By Fannie Dionne
After discovering the first signs of his religious vocation at a young age when he attended Mass with his mother, Fr. John O’Brien, SJ, joined the Society of Jesus in 2008. After having held various roles with young people (teacher, school principal, spiritual director), he is now the Vocations Director for the Jesuits in Canada. Drawing on all this experience, he comments in this interview on what young people are looking for today, why they are disengaging, and what Jesuits have to offer.
Though it was inarticulate, I think I can trace my earliest perceptions of the beauty of a religious vocation to those moments with my mother, the monks, and the Mass.
Do you remember the first signs that a vocation to religious life would make you happy? What did you feel back then?
I grew up in Mission, British Columbia, a small city in the Fraser Valley near Vancouver. Our home was quite close to a Benedictine monastery that ran a seminary, a retreat house, and a farm. My mother used to wake me up early in the morning and we would attend the 6 a.m. Mass there. Though it was inarticulate, I think I can trace my earliest perceptions of the beauty of a religious vocation to those moments with my mother, the monks, and the Mass.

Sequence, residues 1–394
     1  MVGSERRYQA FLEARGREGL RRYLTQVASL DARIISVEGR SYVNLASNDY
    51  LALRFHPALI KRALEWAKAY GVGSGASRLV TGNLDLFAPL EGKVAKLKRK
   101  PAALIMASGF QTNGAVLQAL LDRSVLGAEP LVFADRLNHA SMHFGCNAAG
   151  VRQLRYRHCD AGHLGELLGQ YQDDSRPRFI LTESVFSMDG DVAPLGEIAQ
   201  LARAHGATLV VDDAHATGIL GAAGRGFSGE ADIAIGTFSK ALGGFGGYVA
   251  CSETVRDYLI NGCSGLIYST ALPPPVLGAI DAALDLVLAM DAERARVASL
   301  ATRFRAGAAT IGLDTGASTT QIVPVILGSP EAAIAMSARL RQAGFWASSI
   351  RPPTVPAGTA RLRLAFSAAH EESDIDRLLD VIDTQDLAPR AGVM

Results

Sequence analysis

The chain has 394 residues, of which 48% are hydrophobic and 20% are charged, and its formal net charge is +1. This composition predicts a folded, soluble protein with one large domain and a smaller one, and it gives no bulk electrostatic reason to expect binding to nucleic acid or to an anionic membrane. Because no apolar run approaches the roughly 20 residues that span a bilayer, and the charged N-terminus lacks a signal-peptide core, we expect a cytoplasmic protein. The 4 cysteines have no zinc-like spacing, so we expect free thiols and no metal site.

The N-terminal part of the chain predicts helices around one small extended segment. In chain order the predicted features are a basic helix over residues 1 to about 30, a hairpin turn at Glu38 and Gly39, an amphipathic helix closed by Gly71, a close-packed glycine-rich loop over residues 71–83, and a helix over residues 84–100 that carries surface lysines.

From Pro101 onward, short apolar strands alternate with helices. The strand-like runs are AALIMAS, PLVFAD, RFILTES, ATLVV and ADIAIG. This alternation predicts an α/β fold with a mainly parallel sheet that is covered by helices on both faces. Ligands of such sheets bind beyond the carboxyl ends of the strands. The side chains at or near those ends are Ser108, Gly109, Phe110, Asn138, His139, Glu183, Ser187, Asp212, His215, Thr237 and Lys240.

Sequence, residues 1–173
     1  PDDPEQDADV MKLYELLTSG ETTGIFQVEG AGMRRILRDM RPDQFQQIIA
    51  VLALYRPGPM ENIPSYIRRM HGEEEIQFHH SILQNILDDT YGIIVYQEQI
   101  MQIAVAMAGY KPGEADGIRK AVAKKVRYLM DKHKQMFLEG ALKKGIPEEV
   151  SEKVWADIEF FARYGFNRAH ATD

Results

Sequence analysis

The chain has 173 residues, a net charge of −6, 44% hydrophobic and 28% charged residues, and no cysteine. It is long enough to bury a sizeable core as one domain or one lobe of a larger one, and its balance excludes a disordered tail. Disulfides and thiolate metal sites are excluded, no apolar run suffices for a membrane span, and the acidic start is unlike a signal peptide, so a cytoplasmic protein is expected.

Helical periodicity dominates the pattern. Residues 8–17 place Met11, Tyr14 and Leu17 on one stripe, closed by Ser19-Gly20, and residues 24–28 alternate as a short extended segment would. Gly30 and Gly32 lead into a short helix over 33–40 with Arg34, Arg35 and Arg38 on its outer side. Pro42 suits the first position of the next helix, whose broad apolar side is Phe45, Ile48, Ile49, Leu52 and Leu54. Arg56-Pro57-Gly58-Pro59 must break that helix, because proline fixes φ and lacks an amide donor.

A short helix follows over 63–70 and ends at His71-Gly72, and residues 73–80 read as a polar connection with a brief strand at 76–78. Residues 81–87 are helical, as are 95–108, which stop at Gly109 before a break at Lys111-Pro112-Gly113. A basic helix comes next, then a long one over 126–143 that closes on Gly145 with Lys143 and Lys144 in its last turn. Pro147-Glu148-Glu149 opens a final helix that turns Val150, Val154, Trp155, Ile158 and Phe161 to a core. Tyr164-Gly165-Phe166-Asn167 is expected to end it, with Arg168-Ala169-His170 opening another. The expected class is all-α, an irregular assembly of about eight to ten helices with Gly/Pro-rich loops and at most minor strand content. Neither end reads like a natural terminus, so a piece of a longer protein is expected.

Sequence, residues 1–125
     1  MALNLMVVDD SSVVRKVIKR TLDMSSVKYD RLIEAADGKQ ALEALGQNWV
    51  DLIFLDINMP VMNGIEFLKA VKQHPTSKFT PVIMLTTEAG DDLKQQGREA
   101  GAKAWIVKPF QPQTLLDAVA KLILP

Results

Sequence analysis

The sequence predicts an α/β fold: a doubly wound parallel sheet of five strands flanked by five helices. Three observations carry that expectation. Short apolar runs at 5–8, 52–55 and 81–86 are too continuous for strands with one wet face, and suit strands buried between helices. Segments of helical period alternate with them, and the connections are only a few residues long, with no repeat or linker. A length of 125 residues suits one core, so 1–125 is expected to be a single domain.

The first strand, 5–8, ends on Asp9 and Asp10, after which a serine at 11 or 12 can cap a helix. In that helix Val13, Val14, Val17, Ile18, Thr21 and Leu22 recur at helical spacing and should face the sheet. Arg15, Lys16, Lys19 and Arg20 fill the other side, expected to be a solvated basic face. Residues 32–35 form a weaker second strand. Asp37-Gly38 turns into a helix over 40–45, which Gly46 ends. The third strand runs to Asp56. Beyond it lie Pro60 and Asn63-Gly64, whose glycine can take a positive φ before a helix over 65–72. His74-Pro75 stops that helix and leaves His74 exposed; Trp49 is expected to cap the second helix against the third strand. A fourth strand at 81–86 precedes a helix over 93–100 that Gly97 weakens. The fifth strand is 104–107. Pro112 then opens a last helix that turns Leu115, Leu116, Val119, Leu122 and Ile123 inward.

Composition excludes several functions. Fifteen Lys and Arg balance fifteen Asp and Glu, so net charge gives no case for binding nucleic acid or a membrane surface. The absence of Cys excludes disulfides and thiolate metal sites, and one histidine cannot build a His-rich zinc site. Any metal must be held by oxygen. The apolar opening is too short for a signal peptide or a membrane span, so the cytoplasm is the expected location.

You have been a teacher, a school principal, a spiritual director, and a lecturer with young people. How did your interest in accompanying youth emerge? Which moments moved you?
Before discerning the Jesuits, there was no straight trajectory to my life. I studied journalism because I loved writing and, to use an Ignatian phrase, wanted to “bring to the light” as many critical things as possible in the world. But God had other plans. I ended up being a teacher and headmaster of a small private Catholic school and enjoyed working to bring the light of faith and reason to younger minds. Later, as a Jesuit, that desire deepened while being an instructor at a college in Vancouver. Our mission trips to Canada’s North were particularly moving moments, especially seeing the students open their hearts to our Indigenous hosts and kindle their desires to give their own lives to higher causes.
You offer a “silent Ignatian retreat for young professionals.” Why?
The Church does a large amount of ministry with so many different types of people. But it seemed to me there was a huge gap in meeting the needs of the young men and women who were no longer “youth” but not yet married or in a vocation. They tended to fall through the cracks in parish life and not go to organized retreats. But St. Ignatius intended the Spiritual Exercises precisely for people like that! So about three years ago, at the invitation of Manresa Jesuit Spiritual Renewal Centre in Pickering, I held our first retreat marketed to “young professionals,” and it sold out. There was some beautiful sharing at the end, and one of the things I heard was “how can we get more of this?” and “can we continue to meet and grow together?”